||Issue No. 356||21 December 2006|
Interview: The Terminator
Industrial: Vive La Resistance
Unions: Breaking News
History: Seven Deadly Sins
Economics: Back to the Future
Politics: Organising and Organisations
International: Web Retrospective
Review: Shock Therapy
All the Best
Vanstone Opens New Meat Market
National secretary, Graham Bird, suspects Commonwealth attempts to get states to sign off on a new meat industry regime are a direct response to a report Amanda Vanstone has been sitting on for six months.
The Minister has ducked challenges to release departmental findings into allegations that a Murray Bridge abattoir imported non-skilled Asians to work for hundreds of dollars below negotiated rates.
Now the industry wants unskilled labour to be reclassified as skilled work by the stroke of a pen.
It also seeks to dodge existing requirements on employers to pay return airfares and health insurance for imported workers.
Commonwealth proposals have been kept away from worker reps, while Canberra seeks backing from state governments.
Meat Industry Council boss, Kevn Cottrill, says 30 meatworks want to bring in another 1000 workers.
Bird says the proposals flow from Vantstone's secret report.
"There's not much doubt about that. Their investigations have found that what we have been saying is factual but they don't want to admit it," Bird said.
"We haven't been shown the new proposals but, from what we've heard, they tighten up earnings and hours of work but don't have any meaningful enforcement mechanisms.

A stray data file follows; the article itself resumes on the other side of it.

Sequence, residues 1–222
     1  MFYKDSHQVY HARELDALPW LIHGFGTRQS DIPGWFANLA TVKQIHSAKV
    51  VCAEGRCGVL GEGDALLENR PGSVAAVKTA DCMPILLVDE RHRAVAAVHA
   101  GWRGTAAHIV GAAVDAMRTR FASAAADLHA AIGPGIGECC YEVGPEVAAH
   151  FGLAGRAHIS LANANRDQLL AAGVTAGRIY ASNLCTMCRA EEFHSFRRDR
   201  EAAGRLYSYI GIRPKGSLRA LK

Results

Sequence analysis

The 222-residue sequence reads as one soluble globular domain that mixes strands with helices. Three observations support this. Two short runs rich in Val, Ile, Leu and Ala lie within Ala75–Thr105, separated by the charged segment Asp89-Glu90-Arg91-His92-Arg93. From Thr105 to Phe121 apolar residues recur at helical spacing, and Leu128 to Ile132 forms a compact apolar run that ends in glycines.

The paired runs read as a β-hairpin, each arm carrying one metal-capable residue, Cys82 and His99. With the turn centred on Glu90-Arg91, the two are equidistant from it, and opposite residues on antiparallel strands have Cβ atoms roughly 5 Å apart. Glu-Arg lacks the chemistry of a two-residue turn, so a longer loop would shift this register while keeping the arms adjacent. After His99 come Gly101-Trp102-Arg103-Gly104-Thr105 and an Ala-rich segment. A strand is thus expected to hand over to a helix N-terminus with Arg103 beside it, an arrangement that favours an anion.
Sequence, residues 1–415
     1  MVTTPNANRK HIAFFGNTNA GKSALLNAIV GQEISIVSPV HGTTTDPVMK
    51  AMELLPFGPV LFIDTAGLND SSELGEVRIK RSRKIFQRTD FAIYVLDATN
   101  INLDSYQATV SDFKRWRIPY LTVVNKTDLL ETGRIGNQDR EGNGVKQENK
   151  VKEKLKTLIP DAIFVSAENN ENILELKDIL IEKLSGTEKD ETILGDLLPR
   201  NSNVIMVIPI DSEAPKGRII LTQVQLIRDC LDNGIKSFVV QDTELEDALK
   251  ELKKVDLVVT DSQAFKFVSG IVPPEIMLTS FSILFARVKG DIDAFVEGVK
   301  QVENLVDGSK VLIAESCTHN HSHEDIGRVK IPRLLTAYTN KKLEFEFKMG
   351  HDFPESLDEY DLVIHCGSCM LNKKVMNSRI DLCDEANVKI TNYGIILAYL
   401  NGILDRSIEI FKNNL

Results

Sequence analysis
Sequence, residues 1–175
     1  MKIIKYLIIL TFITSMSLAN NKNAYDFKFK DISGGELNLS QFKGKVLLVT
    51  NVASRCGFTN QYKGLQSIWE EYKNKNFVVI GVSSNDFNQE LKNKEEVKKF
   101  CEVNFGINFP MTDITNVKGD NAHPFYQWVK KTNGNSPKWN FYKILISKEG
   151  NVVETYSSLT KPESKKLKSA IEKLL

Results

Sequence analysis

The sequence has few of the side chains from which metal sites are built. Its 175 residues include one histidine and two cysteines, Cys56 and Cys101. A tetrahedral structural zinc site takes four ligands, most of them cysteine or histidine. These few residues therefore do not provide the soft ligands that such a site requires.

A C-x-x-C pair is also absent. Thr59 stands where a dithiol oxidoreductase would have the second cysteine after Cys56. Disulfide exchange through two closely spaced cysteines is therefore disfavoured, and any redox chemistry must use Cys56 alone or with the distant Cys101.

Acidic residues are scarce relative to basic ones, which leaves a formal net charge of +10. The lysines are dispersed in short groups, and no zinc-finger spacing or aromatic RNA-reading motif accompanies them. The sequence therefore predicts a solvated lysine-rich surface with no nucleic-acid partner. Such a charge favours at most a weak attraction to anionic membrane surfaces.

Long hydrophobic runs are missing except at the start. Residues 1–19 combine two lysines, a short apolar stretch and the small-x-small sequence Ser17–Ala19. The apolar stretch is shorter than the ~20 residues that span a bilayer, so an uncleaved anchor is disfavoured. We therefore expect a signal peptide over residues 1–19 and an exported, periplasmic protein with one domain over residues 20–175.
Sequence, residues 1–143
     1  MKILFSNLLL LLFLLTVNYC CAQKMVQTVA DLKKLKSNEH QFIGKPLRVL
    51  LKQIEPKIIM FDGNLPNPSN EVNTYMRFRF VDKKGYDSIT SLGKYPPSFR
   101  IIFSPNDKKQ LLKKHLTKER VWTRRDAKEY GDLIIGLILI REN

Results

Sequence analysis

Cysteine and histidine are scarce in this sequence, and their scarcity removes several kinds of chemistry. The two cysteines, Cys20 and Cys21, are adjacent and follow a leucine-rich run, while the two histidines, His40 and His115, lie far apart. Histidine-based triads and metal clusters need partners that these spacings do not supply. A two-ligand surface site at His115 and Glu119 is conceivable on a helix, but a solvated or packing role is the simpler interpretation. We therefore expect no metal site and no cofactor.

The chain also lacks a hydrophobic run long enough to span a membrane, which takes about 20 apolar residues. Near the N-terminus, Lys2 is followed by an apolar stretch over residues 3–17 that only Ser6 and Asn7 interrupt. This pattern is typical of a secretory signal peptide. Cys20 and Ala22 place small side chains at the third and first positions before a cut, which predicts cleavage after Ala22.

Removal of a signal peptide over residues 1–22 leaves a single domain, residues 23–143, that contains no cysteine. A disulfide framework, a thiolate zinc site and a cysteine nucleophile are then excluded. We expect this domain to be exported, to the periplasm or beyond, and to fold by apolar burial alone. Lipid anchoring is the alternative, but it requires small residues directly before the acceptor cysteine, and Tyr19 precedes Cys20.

"And that's the whole problem with this government's guest labour program. The practice doesn't match the theory because they don't enforce the rules."
He said Murray Bridge was a case in point. The report, forwarded to Vanstone, showed the system was being rorted but hundreds of guest workers were still employed there and no penalties had been imposed.
Bird challenged the industry's core claim of a debilitating labour shortage.
"Works that paying union negotiated rates and have good conditions can get workers," he said.
"There are one or two exceptions, in very isolated places, but the companies leading the charge for guest labour are those using AWAs to slash the pay and conditions of Australians."
|Search All Issues | Latest Issue | Previous Issues | Print Latest Issue|